There are a few collections of decent codecs called K-Lite, or ffdshow (don't know about much about this one) to name a few that include most of the usual decoders you will require. In theory, if a file you wish to watch or listen to doesn't work, try it in Media Player (MP) since MCE uses this as it's display engine (if it works in MP, it should work in MCE). MP will notify you what the missing codec is or perhaps, if it's well known, it may even download it for you.

    Video codecs for decoding the stream coming from the TV tuner will require a decoder that will probably come with your new DVD player (if not, you'll have to buy it) such as CyberDVD or PowerDVD or one supplied with your graphics card (ie from NVidia).

  • Some DVD Burning software - not sure which one is best.. This is still on my to do list. Such a feature should have come 'out of the box' with MCE, such that you can burn recorded TV to a DVD.. It appears that you require an MPEG-2 encoder such as one from Sonic (publisher: Roxio?) to do this.

Outstanding Issues

  • Noise - I still need to replace my fan that makes too much noise. It is not the constant whirling noise that one would expect however, I could probably get used to that - Instead, it is a constantly changing high (not piercing though) pitch that sounds like the fan is off-balanced. I am looking at a cooling tower (like the Noctua NH-U12F CPU Heatsink with 120mm fan)

  • TV Recording archival - Burning to DVD and converting to MPEG4 (DivX, Xvid). I'm sure that it is quite possible to convert the TV recordings, however these features are not a part of the basic MCE install. I have looked at several alternatives, however at this stage nothing has stood out as being the perfect solution. A solution I will explore when time permits is MyTV ToGo, however I don't have any good information on it at this stage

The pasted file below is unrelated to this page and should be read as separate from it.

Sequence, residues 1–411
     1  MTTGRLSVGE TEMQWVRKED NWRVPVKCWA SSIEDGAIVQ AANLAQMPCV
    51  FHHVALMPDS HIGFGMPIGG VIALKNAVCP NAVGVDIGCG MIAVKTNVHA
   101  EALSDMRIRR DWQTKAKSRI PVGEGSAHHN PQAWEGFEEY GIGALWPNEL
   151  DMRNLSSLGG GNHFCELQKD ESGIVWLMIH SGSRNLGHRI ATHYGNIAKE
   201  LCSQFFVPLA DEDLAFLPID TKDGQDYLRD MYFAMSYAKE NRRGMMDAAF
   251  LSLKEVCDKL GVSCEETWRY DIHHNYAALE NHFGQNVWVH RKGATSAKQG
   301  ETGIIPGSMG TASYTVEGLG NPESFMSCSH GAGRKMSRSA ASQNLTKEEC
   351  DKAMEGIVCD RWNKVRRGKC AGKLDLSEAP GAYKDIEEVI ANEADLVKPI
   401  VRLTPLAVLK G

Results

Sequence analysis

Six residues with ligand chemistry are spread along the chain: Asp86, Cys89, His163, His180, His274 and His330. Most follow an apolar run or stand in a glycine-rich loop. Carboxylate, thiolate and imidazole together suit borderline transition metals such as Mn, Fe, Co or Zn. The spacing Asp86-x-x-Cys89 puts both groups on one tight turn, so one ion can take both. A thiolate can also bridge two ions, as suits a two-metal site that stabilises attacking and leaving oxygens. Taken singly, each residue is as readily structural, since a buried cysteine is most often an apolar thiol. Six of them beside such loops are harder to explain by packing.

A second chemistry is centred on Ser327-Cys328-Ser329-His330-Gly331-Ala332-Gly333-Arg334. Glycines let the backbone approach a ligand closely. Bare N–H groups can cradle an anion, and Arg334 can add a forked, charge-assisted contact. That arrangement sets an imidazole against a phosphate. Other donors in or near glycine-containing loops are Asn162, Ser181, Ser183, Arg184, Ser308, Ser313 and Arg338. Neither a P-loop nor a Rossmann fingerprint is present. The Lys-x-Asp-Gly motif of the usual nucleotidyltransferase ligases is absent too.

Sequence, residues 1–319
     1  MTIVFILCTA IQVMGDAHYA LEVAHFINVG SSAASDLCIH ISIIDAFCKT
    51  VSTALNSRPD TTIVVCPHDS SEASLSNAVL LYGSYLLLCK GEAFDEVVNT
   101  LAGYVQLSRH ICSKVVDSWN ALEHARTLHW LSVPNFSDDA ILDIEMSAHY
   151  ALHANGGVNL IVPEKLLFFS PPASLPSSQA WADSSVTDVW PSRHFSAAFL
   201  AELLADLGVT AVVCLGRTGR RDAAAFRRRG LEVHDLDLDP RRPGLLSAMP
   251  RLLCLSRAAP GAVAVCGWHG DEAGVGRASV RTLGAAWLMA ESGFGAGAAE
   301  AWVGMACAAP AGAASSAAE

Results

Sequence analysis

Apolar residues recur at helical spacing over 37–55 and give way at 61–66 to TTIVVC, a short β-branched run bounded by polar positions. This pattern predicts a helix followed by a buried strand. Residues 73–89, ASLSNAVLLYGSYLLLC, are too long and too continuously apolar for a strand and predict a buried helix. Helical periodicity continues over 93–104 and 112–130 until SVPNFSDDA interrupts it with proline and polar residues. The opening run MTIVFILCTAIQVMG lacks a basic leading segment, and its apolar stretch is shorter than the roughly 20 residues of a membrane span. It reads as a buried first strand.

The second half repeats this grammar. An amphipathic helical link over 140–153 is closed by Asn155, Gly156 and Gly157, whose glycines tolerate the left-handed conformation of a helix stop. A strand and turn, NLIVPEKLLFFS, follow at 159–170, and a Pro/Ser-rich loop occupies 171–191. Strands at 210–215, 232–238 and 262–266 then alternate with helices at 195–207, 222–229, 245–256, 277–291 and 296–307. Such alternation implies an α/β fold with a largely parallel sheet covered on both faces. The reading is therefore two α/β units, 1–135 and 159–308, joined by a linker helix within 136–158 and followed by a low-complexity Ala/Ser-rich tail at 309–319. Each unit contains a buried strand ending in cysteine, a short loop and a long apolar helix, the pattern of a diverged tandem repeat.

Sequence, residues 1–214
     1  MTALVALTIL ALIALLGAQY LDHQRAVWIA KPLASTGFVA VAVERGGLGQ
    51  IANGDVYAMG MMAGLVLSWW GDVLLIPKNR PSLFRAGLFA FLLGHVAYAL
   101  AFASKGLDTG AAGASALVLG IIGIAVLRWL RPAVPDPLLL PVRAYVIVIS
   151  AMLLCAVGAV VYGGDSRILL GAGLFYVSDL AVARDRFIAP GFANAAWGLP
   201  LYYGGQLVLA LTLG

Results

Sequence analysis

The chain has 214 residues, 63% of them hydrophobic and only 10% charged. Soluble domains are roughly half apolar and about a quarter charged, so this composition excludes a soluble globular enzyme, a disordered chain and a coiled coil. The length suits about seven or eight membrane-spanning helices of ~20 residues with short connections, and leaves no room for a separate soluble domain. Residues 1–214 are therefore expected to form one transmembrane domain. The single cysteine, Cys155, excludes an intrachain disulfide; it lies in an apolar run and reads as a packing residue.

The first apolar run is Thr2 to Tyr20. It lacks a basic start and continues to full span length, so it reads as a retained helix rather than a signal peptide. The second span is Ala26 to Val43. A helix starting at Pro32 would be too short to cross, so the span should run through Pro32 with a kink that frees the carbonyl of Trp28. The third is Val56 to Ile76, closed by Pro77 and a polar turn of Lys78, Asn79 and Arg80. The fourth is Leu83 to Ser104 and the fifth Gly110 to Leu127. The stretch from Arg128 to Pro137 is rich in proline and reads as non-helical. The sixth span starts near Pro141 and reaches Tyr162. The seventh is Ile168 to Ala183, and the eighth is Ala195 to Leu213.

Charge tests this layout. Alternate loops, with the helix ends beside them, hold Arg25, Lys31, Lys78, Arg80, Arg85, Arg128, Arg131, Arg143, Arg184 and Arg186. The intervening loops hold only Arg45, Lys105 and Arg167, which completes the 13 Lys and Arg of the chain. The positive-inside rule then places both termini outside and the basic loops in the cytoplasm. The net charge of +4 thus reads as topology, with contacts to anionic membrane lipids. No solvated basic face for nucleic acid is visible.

• Scheduled recordings from Standby - I have nto yet worked out how to reliably start MCE from standby automatically (ie when a show that I want to see is on) without doing it myself. This solution would involve reliably starting and returning to standby in time to record any shows I would like.. I have found a free tool called MCE Standby Tool which might do the trick though.

    From what I've read, it appears that MCE will start from standby correctly to start recording from the schedule, however in my case, it appears that either Windows or some drivers don't like restarting MCE after standby - I generally have to reboot after doing it as I have find that I have no valid TV tuner cards afterwards. Apparently MCE will fix this but I don't know yet..

  • Finding out more about the Registry Hacks required in order to have more tuner cards. 2 more should do the trick!

  • Vista - There are several early adopters of Vista (Premium and Ultimate include MCE) however I am yet to attempt it myself - when time permits I will create a new partition and have a play..

Some Further Reading
I wish I knew about these ones before I built!
Products I recommend and use
Good Luck!

If you're still reading this, you can see now that building and running a HTPC is not a casual affair - like most things to do with computers, and in particular with cutting edge technology, there is a lot to consider, and a lot to learn. Luckily there are a lot of knowledgeable people at the various forums who are willing and able to help out.

As you can see, I still have an outstanding list myself, but these features are not essential for my needs at this point. Hopefully I will solve these issue soon and will provide an update.

If you are still willing to undertake this project then I think you will be very happy with the final result. I know I am, and even my once-sceptical girlfriend is now a convert.

All the best.


  1. Quite possibly your nerdiest post to this date. However, it may come in useful if I ever scratch together enough moula to buy one of these beauties.



  2. Got to get that 400 gig into my machine... then the fun begins.

    Let you know i how go. Pity about my analogue tv card...

  3. Setting and installing up a Home Theatre PC wasn't an easy thing. There are so many things to consider. Many of us are not knowledgeable enough when it comes to this one. Thanks for providing the your ideas.